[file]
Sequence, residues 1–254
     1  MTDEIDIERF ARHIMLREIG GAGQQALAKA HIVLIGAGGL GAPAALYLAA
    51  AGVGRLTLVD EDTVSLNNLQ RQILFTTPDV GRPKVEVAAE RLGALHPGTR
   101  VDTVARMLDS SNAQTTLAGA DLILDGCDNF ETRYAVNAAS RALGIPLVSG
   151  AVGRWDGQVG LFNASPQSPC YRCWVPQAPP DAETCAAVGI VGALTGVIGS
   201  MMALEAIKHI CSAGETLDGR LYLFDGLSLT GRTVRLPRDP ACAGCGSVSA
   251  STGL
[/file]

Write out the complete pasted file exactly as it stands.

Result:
Sequence, residues 1–254
     1  MTDEIDIERF ARHIMLREIG GAGQQALAKA HIVLIGAGGL GAPAALYLAA
    51  AGVGRLTLVD EDTVSLNNLQ RQILFTTPDV GRPKVEVAAE RLGALHPGTR
   101  VDTVARMLDS SNAQTTLAGA DLILDGCDNF ETRYAVNAAS RALGIPLVSG
   151  AVGRWDGQVG LFNASPQSPC YRCWVPQAPP DAETCAAVGI VGALTGVIGS
   201  MMALEAIKHI CSAGETLDGR LYLFDGLSLT GRTVRLPRDP ACAGCGSVSA
   251  STGL